That's what I like to see!
Third party headsets are unusable on the Xbox One until Microsoft releases an adapter, which won't be until next year. Your Trittons, your Turtle Beaches, your Astros and Afterglows, forget it. Except one audiophile, a guy with a soldering gun and a purpose, wouldn't let it go.
Reader alsybub says he made his Xbox One compatible with his Tritton cans in about 15 minutes. "I simply opened up the headset connector, de-soldered the standard headset and soldered a 3.5 mm jack cable to the same points," he writes. "It looks like a product you might buy in a store, and it should work with any headset.
"It took around 15 minutes to complete."
We asked alsybub to show his work and he provided the following photo and description. "To open the casing you can literally just pull the back off. There's 5x Torx screws underneath, to open it. No warranty stickers or anything.
"It's the four wires at the top right. With standard 3.5mm stereo wiring you solder, from left to right, Red, Ground, Green, Ground. The ground is shared by both connections (ie 3.5mm uses three wires 1x Red, 1x Green, 1x Ground) so I split it and covered them with heat shrink.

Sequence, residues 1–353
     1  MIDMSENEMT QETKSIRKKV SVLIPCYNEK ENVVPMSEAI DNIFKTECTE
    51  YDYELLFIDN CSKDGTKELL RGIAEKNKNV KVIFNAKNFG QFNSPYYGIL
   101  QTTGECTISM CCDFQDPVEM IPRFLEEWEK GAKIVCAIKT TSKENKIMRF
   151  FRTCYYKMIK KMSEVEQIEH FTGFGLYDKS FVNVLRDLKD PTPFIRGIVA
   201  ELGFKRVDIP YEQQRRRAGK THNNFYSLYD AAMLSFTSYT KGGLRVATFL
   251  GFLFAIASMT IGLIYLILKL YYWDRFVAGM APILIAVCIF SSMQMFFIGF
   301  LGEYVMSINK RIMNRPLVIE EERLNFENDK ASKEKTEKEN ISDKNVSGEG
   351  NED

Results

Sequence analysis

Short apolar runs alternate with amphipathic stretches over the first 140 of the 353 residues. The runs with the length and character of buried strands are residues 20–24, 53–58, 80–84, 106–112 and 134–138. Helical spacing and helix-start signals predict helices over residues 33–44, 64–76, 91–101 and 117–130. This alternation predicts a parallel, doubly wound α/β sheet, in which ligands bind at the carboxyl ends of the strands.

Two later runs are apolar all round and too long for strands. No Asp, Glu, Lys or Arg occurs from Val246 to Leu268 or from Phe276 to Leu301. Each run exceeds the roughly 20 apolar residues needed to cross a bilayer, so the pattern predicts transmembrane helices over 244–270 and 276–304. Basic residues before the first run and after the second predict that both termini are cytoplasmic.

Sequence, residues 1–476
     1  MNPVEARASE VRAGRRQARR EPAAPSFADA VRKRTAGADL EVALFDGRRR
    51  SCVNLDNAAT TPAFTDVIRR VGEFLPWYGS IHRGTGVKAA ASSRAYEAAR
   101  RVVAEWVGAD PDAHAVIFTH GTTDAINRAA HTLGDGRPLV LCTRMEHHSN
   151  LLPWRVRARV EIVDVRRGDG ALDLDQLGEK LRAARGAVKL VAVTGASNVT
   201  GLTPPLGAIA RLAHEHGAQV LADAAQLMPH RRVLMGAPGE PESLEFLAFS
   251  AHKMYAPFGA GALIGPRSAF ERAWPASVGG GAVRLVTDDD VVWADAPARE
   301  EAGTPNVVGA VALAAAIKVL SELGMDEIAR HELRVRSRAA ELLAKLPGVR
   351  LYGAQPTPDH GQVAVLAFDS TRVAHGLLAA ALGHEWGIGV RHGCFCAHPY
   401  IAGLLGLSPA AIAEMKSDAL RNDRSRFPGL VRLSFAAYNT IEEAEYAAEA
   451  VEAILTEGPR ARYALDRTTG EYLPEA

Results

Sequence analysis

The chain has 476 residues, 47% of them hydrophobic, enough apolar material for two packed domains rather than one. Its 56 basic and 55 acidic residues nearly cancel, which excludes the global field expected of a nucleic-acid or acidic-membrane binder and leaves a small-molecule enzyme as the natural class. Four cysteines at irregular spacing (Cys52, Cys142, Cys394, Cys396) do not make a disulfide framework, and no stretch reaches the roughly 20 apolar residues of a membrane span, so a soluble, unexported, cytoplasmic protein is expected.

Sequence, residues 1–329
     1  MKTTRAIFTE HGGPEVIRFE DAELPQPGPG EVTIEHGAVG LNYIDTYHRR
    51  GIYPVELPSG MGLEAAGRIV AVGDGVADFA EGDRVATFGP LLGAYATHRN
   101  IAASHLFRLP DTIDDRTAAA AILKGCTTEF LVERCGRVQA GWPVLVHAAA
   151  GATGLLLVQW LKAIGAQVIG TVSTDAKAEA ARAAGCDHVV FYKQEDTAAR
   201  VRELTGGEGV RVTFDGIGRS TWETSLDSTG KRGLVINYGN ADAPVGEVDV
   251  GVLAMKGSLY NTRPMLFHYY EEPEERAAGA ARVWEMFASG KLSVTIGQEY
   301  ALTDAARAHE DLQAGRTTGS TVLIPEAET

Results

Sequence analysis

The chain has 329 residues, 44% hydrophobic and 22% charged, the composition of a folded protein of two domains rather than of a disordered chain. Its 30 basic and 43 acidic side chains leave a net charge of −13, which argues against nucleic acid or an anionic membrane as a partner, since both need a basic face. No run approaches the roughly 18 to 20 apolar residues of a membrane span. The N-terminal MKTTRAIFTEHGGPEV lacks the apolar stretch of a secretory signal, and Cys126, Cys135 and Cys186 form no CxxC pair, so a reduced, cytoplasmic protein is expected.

"There is no loss in quality or volume," he says. "It's perfect." Moreover, "You could easily exchange this with a 2.5mm socket and use any 360 headset."
Update: Another reader, David. N., did the same thing and provided this step-by-step on Instructables.com.
If you hate using the disposable-quality chat headset included with the Xbox One, and have a soldering gun and a sense of adventure, maybe give it a shot? If you ruin it, you can always use the microphone on the Kinect sensor for chat audio while you wait for third-party support.
Even if this mod is basic soldering 101 stuff, I'm impressed by alsybub's determination and unwillingness to take no for an answer. And if this swap is so easily made, I think it fairly asks Microsoft what consumer benefit is created by the Xbox One's different standard for audio devices.